Zoology Lab Manual - Austin Community College District


General ZoologyLab SupplementStephen W. ZiserDepartment of BiologyPinnacle CampusTo Accompany the Zoology Lab Manual:Smith, D. G. & M. P. SchenkExploring Zoology: A Laboratory Guide.Morton Publishing Co.forBIOL 1413General Zoology2017.5Biology 1413 Introductory Zoology – Supplement to Lab Manual; Ziser 2015.121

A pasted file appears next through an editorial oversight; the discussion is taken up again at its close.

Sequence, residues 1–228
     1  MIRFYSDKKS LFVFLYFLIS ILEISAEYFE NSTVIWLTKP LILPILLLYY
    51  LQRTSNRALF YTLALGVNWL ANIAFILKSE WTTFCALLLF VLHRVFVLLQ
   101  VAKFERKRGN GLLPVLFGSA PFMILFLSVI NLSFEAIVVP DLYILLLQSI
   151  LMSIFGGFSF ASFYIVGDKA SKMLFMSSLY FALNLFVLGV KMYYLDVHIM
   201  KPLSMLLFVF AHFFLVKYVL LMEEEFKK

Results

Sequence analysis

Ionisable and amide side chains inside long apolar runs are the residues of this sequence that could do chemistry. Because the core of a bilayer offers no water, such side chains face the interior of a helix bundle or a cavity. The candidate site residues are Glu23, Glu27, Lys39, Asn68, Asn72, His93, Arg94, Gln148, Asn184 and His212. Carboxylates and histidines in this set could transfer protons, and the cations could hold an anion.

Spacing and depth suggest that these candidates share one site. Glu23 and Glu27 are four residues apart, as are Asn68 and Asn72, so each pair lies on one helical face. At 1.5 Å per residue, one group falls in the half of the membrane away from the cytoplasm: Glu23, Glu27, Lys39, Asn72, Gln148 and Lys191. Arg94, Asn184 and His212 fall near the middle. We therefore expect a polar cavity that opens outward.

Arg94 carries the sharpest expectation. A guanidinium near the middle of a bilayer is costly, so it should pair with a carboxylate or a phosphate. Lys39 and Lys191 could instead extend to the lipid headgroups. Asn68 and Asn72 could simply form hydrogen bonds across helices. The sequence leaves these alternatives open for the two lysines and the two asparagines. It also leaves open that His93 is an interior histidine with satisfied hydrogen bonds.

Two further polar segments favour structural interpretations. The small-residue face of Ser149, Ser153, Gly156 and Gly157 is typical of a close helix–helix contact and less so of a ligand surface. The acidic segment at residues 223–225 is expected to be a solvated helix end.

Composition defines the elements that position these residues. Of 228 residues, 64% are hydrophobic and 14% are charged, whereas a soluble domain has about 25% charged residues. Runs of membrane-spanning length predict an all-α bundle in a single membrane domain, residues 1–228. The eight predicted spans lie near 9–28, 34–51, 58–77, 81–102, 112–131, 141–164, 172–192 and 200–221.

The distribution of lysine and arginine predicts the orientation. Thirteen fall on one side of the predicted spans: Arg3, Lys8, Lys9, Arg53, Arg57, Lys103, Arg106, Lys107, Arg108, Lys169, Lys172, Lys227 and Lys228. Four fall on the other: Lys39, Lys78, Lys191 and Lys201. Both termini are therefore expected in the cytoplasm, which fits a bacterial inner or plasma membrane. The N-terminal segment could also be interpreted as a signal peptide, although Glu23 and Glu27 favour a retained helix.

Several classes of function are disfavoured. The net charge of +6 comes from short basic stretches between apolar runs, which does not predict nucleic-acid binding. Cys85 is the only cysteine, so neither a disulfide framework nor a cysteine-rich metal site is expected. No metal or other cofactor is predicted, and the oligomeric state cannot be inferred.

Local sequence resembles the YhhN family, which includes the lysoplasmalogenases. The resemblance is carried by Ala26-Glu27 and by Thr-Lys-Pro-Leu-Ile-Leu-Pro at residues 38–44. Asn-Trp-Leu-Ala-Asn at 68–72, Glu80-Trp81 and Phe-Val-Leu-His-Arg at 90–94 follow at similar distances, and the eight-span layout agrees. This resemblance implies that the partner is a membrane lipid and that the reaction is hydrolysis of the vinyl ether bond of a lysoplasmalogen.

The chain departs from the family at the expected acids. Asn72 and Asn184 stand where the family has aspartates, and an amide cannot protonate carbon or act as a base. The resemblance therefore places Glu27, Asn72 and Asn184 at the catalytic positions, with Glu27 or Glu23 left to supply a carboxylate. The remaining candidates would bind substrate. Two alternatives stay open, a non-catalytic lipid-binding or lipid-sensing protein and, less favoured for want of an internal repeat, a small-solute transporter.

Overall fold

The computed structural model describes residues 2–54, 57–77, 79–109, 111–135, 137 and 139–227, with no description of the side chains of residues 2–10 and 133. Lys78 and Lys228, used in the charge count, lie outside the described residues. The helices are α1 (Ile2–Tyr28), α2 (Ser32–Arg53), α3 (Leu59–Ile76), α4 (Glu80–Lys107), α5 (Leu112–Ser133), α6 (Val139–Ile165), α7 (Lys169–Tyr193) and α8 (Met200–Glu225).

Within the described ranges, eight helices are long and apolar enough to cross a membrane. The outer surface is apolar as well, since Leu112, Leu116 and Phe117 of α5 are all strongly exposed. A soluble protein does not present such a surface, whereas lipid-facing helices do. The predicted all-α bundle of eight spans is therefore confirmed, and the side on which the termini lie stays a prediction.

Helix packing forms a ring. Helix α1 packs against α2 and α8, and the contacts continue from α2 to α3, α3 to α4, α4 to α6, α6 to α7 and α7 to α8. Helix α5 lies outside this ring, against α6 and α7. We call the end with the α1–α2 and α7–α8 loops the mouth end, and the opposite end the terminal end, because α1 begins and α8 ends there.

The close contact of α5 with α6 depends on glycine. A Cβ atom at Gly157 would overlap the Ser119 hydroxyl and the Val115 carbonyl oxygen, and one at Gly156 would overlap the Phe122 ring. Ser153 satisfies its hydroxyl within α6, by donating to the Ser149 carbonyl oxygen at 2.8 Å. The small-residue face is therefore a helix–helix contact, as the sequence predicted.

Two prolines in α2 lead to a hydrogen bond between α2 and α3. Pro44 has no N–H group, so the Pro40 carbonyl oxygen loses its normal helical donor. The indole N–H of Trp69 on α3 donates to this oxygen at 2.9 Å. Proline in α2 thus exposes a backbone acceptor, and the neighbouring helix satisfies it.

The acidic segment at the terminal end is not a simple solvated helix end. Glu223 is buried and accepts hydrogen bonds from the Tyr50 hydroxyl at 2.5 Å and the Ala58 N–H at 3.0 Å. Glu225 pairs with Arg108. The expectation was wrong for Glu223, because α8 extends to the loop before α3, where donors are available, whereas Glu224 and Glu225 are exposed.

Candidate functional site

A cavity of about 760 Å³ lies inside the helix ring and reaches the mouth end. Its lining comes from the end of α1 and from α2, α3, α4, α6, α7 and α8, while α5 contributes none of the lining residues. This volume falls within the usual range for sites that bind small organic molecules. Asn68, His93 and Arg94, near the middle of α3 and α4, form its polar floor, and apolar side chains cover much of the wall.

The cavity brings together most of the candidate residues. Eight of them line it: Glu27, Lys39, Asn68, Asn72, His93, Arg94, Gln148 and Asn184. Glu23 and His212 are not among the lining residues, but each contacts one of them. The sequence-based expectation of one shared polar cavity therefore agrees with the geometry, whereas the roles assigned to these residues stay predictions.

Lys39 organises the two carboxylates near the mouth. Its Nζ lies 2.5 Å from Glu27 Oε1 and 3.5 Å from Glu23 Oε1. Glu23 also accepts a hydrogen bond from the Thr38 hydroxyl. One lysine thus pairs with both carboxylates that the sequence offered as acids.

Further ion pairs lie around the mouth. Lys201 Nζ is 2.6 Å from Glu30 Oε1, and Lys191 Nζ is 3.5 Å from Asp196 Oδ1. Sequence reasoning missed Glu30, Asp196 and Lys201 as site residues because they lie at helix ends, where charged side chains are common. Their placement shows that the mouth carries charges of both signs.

General ZoologyLaboratory Exercises1. Orientation, Lab Safety, Animal Collection . . . . . . . . . . . . . . . . .32. Lab Skills & Microscopy . . . . . . . . . . . . . . . . . . . . . . . . 143. Animal Cells & Tissues . . . . . . . . . . . . . . . . . . . . . . . . . 154. Animal Organs & Organ Systems . . . . . . . . . . . . . . . . . . . . . 175. Animal Reproduction . . . . . . . . . . . . . . . . . . . . . . . . . . 256. Animal Development . . . . . . . . . . . . . . . . . . . . . . . . . . 277. Some Animal-Like Protists . . . . . . . . . . . . . . . . . . . . . . . . 318. The Animal Kingdom . . . . . . . . . . . . . . . . . . . . . . . . . . 339. Phylum Porifera (Sponges) . . . . . . . . . . . . . . . . . . . . . . . . 4710. Phyla Cnidaria (Jellyfish & Corals) & Ctenophora . . . . . . . . . . . . . 4911. Phylum Platyhelminthes (Flatworms) . . . . . . . . . . . . . . . . . . . 5212. Phylum Nematoda (Roundworms) . . . . . . . . . . . . . . . . . . . . 5613. Phyla Rotifera . . . . . . . . . . . . . . . . . . . . . . . . . . . . . . 5914. Acanthocephala, Gastrotricha & Nematomorpha . . . . . . . . . . . . . . 6015. Phylum Mollusca (Molluscs) . . . . . . . . . . . . . . . . . . . . . . . 6716. Phyla Brachiopoda & Ectoprocta . . . . . . . . . . . . . . . . . . . . . 7317. Phylum Annelida (Segmented Worms) . . . . . . . . . . . . . . . . . . . 7418. Phyla Sipuncula . . . . . . . . . . . . . . . . . . . . . . . . . . . . . 7819. Phylum Arthropoda (I): Trilobita, Myriopoda . . . . . . . . . . . . . . . 7920. Phylum Arthropoda (II): Chelicerata . . . . . . . . . . . . . . . . . . . 8121. Phylum Arthropods (III): Crustacea . . . . . . . . . . . . . . . . . . . 8622. Phylum Arthropods (IV): Hexapoda . . . . . . . . . . . . . . . . . . . . 9023. Phyla Onycophora & Tardigrada . . . . . . . . . . . . . . . . . . . . . 9724. Phylum Echinodermata (Echinoderms) . . . . . . . . . . . . . . . . . . .10425. Phyla Chaetognatha & Hemichordata . . . . . . . . . . . . . . . . . . . 10826. Phylum Chordata (I): Lower Chordates & Agnatha . . . . . . . . . . . . . 10927. Phylum Chordata (II):Chondrichthyes & Osteichthyes . . . . . . . . . . 11228. Phylum Chordata (III): Amphibia29. Phylum Chordata (IV): Reptilia .30. Phylum Chordata (V): Aves . . .31. Phylum Chordata (VI): Mammalia. 115. 118. 121. 124Lab Reports & AssignmentsIdentifying Animal Phyla . . . . . . . . . .Identifying Common Freshwater Invertebrates .Lab Report for Practical #1 . . . . . . . . .Lab Report for Practical #2 . . . . . . . . .Identification of Insect Orders . . . . . . . .Lab Report for Practical #3 . . . . . . . .Lab Report for Practical #4 . . . . . . . .Biology 1413 Introductory Zoology – Supplement to Lab Manual; Ziser 2015.12. 39. 42. 43. 62. 96. 98. 1302